Oncologists often turn to immunotherapy to treat patients with cancers such as melanoma. However, its effectiveness can vary, with the results being close to nil in some individuals. However, researchers have now found that a drug that triggers the immune responses of the body by mimicking a virus can also make certain notoriously well-hidden melanoma tumors visible to the immune system. This may help immunotherapy in targeting melanoma cells better.

According to the study by scientists from the UCLA Jonsson Comprehensive Cancer Center, BO-112, a synthetic non-coding double-stranded RNA (dsRNA), can open new avenues in targeted immunotherapy by mimicking viruses. It may be able to do so by overcoming resistance to immunotherapy in tumors where the signaling of interferon—proteins released in the boy during an infection—is defective.

cancer cells
Cancer cells (Representational Picture) Pixabay

"Most immunotherapy approaches rely on the ability of T cells to recognize and kill tumor cells. But in some patients, tumors escape the immune system through mutations in genes involved in the interferon signaling pathway. This is a critical pathway because it normally allows tumors to increase their antigen presentation, an intricate machinery that makes tumors visible to T cells," said Dr. Anusha Kalbasi, lead author of the study, in a statement.

The Role of Interferons

Interferons are signaling proteins that are produced within the body and released by cells in response to viral infections. Infected cells also release interferons in order to alert the surrounding cells and heighten their ant-viral responses.

The activation of interferon signaling in tumors curbs the division of tumor cells and causes the release of molecules that attract more immune cells to the tumor. "This coordinated effort as a result of interferon signaling can help the immune system better identify and kill tumor cells," explained Kalbasi.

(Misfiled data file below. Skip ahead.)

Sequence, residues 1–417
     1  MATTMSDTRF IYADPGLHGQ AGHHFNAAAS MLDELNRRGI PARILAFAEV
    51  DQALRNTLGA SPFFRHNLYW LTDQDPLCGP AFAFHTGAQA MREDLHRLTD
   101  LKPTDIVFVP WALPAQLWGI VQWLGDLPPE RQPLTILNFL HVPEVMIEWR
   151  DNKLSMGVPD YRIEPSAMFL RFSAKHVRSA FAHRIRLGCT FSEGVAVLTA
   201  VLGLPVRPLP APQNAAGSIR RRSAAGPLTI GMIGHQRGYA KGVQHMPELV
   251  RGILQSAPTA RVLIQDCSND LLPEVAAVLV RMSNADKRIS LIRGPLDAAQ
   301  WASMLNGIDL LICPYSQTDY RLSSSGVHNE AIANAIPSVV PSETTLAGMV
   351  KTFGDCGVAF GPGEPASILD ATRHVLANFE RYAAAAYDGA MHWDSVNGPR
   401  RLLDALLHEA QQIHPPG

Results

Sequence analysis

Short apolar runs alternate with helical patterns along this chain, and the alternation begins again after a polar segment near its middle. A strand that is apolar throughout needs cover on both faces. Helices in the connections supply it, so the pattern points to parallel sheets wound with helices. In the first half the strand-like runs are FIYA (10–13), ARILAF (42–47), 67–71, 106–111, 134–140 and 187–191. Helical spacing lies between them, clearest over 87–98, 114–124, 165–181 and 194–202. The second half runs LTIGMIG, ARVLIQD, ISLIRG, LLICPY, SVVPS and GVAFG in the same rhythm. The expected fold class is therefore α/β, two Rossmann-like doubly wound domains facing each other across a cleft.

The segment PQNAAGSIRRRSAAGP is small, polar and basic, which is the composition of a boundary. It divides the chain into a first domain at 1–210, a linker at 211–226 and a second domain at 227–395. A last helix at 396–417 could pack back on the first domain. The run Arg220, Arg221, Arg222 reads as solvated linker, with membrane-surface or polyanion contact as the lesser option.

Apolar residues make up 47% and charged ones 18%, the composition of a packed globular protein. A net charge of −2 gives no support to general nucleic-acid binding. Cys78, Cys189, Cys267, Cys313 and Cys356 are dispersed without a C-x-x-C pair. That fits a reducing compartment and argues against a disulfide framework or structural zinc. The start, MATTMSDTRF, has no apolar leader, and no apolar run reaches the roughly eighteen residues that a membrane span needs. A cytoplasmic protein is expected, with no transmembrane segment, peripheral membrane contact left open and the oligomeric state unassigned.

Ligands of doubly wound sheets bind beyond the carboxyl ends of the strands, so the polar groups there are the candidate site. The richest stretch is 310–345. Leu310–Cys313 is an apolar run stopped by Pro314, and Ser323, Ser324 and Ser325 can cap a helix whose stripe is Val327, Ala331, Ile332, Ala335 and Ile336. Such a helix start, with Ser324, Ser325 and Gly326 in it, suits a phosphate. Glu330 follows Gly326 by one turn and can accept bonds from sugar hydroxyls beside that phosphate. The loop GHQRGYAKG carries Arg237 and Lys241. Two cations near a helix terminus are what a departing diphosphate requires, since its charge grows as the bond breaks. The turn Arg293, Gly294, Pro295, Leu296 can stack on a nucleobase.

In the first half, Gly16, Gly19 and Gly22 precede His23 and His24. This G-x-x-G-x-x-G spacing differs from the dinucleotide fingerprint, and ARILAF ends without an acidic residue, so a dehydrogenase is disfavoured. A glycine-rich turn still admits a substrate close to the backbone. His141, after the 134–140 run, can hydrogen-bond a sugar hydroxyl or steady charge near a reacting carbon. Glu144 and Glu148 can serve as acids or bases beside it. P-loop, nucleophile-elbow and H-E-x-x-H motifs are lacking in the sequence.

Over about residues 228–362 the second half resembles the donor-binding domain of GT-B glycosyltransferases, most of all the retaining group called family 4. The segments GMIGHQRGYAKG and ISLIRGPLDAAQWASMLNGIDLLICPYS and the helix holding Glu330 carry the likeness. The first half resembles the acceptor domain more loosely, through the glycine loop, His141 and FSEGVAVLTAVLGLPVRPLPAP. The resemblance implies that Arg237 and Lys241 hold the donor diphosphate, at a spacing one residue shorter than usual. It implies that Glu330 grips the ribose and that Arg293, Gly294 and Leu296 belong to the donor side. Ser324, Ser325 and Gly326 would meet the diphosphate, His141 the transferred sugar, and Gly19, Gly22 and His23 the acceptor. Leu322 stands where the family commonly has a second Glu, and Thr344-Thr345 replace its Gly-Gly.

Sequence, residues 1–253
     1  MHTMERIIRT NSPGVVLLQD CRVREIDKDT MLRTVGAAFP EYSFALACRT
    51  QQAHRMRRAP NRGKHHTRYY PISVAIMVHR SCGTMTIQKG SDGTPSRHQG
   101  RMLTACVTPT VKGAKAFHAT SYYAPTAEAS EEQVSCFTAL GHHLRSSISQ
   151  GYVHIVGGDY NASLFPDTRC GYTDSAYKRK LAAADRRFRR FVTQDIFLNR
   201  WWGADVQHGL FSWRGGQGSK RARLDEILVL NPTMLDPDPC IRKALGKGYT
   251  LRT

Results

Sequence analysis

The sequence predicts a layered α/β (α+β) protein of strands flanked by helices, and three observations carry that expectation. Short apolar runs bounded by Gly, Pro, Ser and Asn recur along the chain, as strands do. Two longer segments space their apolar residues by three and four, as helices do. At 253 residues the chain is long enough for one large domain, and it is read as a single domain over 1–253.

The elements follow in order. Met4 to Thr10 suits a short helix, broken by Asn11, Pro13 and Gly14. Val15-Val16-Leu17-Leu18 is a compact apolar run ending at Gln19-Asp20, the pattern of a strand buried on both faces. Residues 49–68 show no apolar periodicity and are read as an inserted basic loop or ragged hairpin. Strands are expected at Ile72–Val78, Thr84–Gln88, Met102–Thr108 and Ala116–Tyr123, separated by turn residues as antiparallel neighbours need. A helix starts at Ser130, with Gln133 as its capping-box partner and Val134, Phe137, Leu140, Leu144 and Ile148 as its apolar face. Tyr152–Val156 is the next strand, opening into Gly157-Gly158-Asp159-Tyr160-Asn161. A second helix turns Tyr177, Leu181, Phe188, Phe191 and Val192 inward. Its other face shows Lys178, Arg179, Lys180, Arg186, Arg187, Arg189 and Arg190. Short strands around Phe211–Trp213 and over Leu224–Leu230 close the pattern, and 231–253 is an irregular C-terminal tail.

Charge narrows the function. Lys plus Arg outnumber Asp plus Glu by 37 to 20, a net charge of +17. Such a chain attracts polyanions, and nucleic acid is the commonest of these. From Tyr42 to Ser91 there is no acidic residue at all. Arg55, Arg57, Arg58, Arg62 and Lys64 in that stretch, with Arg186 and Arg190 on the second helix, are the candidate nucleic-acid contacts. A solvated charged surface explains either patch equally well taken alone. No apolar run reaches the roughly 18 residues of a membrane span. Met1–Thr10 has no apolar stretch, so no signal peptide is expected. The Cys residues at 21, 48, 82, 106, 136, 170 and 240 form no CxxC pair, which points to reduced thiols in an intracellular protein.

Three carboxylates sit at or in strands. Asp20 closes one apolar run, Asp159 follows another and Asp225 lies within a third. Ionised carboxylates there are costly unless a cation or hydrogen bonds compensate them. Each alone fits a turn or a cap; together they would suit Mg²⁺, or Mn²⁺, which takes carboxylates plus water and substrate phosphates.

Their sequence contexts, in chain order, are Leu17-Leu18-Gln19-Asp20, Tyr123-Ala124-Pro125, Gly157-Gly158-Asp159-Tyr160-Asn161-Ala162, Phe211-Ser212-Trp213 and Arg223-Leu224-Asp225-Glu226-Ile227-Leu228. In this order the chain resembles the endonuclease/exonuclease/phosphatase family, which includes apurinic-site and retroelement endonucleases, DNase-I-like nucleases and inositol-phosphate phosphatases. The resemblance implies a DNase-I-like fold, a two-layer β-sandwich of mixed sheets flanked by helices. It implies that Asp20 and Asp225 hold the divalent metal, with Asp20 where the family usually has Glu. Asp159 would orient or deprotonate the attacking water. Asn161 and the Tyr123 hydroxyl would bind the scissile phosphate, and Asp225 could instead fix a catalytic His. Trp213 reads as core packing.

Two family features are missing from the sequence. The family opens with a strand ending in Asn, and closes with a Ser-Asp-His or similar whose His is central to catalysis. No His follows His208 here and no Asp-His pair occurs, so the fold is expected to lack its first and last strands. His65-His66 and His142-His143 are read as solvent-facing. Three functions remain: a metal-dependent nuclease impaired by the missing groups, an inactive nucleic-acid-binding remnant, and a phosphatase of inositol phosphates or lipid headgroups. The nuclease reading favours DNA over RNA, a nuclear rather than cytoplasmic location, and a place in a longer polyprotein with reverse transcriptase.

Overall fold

T-cells
T-cells (Representational Picture) Flickr/Zappys Technology Solutions

Engineering Melanoma Cells

First, the authors aimed to subdue defective signaling of interferons through adoptive T-cell therapy, which is a form of immunotherapy where lymphocytes known as T-cells are obtained from a patient and re-designed to identify and kill cancer cells. However, it was found that tumor cells with defective interferon signaling were not affected by T-cells.

Next, the authors used a gene called NLRC5 to engineer melanoma tumor cells from mice. The gene was found to increase antigen presentation—a crucial immune process that vital for triggering the response of T-cells—even when interferon signaling was absent. It also re-established the efficacy of T-cells. Though the approach was successful in mice, it was not as simple to engineer human tumor cells.

Using Virus-mimicking Drug to Kill Cancer Cells

The research team resorted to the use of the virus-mimicking drug BO-112 that triggers in virus-sensing pathways within tumor cells. Upon injecting the drug directly into tumor cells under laboratory conditions, the authors found that the activation of the virus-sensing pathways ked to the increase of antigen presentation despite defective interferon signaling. Hence, the tumor cells were recognized and destroyed by T-cells.

Skin Cancer Cells
Skin Cancer Cells (Representational Picture) Wikimedia Commons

"This study helps us understand the interdependence between interferon signaling and antigen presentation, which gives us important insights into how tumor cells are recognized by the immune system. New strategies to promote antigen presentation to make tumors more visible to the immune system will allow immunotherapy to be effective for even more tumor types," highlighted," said Dr. Antoni Ribas, senior author of the study.

Through the study, the scientists managed to emphasize the potential that other promising clinical approaches that bypass and antigen presentation and tumor interferon signaling hold. These include therapies such as chimeric antigen receptor-based T-cell therapy or CAR, that can identify and destroy tumor cells even when antigen presentation is absent.